Partner Denis Wirth-Miller

Queer Places:
Felix Hall, Hollow Rd, Kelvedon, Braintree, Essex, CO5 9DG
The Storehouse, The Quay, Wivenhoe, Colchester CO7 9BX, UK

Richard Wasey Chopping (14 April 1917 – 17 April 2008)[1] was a British illustrator and author best known for painting the dust jackets of Ian Fleming's James Bond novels starting with From Russia, with Love (1957).

Chopping was born in Colchester, Essex and educated at Gresham's School, Holt.[2]

He painted in the trompe-l'œil style, creating a realistic and almost three-dimensional appearance. Among his illustrations are nine covers from 1957 to 1966 for James Bond books by Ian Fleming and the cover of John Gardner's first Bond continuation novel, Licence Renewed (1981).

During the 1940s, Chopping also established himself as an author and illustrator of natural history and children's books. His early work includes Butterflies in Britain (1943), A Book of Birds (1944), The Old Woman and the Pedlar (1944), The Tailor and the Mouse (1944), Wild Flowers (1944), Heads, Bodies & Legs with Denis Wirth-Miller (1946), and the collection of short stories Mr Postlethwaite's Reindeer (1945). Chopping's first novel, The Fly (Secker & Warburg, 1965) was recommended to its publisher by Angus Wilson, where David Farrar found it "a perfectly disgusting concoction". It was edited by Giles Gordon, who later wrote that he was determined to like the novel, hoping that "more, and no doubt better, books would follow. The Fly was indeed disgusting." Gordon found Chopping "most fastidious" and his book "sufficiently sordid to appeal to voyeurs, and if Chopping were to adorn it with one of his famous dust-jackets it could be a succès de scandale; and so it proved."[3] Chopping's second novel, The Ring (1967), was more mundane and much less successful. His short story The Eagle appears in the anthology Lie Ten Nights Awake (1967, ed. Herbert Van Thal).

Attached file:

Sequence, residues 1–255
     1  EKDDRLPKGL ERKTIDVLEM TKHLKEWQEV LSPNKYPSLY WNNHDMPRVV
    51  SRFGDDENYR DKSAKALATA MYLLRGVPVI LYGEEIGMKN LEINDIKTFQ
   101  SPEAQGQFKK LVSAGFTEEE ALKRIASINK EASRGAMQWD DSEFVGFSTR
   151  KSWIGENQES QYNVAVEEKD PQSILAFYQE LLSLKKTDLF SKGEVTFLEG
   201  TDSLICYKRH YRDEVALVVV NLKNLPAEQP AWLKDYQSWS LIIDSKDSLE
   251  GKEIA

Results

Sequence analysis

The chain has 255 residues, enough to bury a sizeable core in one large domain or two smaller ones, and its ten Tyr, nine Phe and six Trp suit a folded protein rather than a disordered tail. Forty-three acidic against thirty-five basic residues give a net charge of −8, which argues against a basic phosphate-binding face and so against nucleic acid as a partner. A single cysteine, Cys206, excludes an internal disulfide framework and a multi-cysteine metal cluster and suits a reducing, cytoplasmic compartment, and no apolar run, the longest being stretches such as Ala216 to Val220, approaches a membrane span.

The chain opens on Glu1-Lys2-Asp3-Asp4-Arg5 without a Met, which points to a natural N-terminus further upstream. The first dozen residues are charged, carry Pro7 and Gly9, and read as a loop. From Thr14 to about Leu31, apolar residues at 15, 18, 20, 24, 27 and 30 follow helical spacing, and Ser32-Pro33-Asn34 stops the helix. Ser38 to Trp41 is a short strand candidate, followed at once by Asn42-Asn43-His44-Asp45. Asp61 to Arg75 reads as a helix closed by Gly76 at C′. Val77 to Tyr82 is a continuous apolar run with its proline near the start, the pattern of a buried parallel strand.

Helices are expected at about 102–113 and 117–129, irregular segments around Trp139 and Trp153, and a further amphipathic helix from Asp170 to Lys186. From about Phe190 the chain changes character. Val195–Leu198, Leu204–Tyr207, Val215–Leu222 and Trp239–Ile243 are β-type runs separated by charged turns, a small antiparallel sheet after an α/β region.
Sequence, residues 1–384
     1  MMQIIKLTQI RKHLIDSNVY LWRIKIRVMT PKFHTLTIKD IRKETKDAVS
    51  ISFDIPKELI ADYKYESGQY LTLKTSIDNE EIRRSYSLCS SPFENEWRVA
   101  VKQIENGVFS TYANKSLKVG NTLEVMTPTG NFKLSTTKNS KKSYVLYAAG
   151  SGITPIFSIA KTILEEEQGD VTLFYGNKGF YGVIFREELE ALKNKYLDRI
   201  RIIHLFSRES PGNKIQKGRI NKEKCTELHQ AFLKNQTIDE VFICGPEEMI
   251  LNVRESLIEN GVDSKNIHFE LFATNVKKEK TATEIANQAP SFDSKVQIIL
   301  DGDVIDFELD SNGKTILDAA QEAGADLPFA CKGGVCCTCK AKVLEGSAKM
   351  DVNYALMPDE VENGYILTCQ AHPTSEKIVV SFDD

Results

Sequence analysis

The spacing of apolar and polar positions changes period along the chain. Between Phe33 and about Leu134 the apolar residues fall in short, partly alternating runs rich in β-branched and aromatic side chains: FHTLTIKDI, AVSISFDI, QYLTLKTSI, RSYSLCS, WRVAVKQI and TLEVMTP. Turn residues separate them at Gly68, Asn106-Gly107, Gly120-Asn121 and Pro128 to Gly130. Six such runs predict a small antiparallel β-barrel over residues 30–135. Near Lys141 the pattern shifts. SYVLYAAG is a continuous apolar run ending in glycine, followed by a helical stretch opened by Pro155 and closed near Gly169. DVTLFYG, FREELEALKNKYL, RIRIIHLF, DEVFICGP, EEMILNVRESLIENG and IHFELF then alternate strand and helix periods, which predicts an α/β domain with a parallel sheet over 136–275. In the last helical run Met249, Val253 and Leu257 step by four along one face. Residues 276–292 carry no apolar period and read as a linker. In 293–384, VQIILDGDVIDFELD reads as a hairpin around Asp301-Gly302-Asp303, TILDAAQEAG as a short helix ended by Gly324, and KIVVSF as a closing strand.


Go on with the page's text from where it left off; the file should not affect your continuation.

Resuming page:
Chopping's life partner was the landscape painter Denis Wirth-Miller[1]. The two were the first couple to register a Civil Partnership in Colchester. They lived in Wivenhoe for over sixty years, and were the founders of an artist community which counted Francis Bacon as a member.

On 8 April 2010 Swann Galleries auctioned an archive of letters between Chopping, Ian Fleming, and others involved in the production of nine of the 007 covers between 1957 and 1966. The letters touch on details about the jacket art, praise for Chopping's work, payment information, copyright issues and other related topics. The lot sold for $57,600.

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